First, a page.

Former New York state governor Eliot Spitzer is back in the news again, but this time, it has nothing to do with politics. This headline is all about his development at 416 Kent Avenue (also referred to as 420 Kent Ave.) along the East River in Williamsburg where 65 apartments will be made available in an affordable housing lottery.

It is one of Williamsburg’s most anticipated and largest waterfront developments and features three Jenga-like buildings, each 22 stories tall. The lottery will be aimed at a variety of income levels, including those who earn at 40 percent, 60 percent and 130 percent of the area median income.

For lower-income applicants, 52 apartments are reserved for those with income ranges from $21,257 for a single person up to $62,580 for a 4-person household.

graphic for 420 Kent Ave lottery

An additional 13 units are slated for middle-income earners with annual salaries of $74,435 for a single person up to $135,590 for a 4-person household.

Rental rates will range from $565 to $1,123 a month for lower-income applicants. Rents for middle-income earners range from $2,116 to $2,733.

To apply online, go to NYC Housing Connect. To request an application by mail, send a self-addressed envelope to: 260 Powers Street, C/O 416 Kent Ave., Brooklyn NY 11211.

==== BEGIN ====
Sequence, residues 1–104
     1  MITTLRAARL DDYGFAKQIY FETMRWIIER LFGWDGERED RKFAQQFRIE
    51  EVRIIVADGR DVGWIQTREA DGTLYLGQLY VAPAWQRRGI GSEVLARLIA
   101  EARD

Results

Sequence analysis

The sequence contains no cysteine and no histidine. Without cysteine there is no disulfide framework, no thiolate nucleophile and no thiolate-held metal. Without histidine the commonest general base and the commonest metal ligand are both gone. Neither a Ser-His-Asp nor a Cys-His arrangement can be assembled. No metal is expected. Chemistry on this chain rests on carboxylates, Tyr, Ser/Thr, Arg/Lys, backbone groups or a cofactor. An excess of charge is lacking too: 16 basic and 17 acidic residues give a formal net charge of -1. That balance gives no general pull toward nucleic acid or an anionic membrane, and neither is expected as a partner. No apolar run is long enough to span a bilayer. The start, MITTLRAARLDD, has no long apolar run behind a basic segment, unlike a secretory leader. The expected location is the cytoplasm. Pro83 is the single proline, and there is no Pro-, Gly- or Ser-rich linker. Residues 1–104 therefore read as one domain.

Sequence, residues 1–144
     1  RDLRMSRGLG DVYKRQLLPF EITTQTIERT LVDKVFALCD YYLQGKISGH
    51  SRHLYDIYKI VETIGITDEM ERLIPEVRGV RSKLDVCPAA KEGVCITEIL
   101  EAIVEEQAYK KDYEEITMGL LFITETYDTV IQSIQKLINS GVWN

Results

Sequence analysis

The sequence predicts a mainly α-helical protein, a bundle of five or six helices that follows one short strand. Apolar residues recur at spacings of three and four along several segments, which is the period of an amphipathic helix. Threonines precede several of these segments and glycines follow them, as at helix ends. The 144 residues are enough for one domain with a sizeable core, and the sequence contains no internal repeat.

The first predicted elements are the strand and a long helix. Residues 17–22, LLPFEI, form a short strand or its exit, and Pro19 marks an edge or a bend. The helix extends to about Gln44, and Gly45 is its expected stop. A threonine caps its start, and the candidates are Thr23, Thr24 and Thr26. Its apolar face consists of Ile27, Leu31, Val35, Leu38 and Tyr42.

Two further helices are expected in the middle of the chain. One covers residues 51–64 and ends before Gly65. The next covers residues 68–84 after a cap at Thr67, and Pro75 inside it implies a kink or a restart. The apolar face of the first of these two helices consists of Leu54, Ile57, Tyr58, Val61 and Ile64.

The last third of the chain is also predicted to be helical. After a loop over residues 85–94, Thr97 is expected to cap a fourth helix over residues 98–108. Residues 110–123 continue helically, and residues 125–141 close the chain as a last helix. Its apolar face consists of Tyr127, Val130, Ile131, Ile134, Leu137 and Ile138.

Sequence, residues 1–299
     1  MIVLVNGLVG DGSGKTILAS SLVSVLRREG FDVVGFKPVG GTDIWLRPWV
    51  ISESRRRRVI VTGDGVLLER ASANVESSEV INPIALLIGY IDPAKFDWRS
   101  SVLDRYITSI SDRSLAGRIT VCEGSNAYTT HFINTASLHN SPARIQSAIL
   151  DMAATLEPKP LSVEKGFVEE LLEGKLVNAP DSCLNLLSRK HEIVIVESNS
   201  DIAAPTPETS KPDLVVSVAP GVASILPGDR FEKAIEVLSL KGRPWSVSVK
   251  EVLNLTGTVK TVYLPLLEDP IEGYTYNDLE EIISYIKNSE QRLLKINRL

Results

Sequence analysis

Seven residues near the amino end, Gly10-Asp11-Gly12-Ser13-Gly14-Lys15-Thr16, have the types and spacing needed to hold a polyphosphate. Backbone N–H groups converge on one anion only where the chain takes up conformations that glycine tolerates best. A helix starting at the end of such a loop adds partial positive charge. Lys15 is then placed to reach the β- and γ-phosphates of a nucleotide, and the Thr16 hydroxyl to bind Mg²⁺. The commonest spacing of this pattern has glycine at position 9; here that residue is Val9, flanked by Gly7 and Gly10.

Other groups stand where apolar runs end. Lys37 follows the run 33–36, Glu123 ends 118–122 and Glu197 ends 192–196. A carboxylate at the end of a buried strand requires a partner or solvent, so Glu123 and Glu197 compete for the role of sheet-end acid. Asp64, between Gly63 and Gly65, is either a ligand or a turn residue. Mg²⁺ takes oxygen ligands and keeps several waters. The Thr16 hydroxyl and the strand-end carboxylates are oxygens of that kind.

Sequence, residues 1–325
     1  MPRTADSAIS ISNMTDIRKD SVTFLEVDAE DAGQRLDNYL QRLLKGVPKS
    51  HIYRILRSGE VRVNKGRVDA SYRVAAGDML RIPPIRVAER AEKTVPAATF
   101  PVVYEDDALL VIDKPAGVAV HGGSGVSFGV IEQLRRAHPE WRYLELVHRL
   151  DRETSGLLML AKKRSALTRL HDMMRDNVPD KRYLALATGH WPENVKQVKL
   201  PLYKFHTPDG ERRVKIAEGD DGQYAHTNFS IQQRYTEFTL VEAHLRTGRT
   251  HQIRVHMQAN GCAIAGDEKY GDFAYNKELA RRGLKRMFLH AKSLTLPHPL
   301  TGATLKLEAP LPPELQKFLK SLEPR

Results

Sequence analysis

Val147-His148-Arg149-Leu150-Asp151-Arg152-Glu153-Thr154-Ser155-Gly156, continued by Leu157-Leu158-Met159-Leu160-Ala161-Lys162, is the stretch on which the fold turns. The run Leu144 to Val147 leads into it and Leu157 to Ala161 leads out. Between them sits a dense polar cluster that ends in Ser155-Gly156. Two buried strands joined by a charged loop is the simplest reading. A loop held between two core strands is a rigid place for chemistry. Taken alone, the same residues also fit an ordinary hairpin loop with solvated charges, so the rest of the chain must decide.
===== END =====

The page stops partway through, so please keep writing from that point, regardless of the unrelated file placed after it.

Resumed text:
Applications must be postmarked or submitted online no later than Aug. 13, 2018.

ODA New York Designed the Complex

The 420 Kent complex is made up of three multi-dimensional glass towers designed by ODA New York. It contains 857 residential apartments, 20,000 square feet of retail space, over 25,000 square feet of indoor amenities, and 80,000 square feet of outdoor space, including a 400-foot-long waterfront esplanade. What is eye-catching about the complex is the Jenga-like shape to the buildings in which cantilevered designs give units private terraces as well as wide-ranging views of the river and Manhattan.

Spitzer took over the family real estate business, Spitzer Enterprises, in 2014 upon the death of his father. It was around this time that he invested in the Williamsburg waterfront and developed 420 Kent with his brother and sister.

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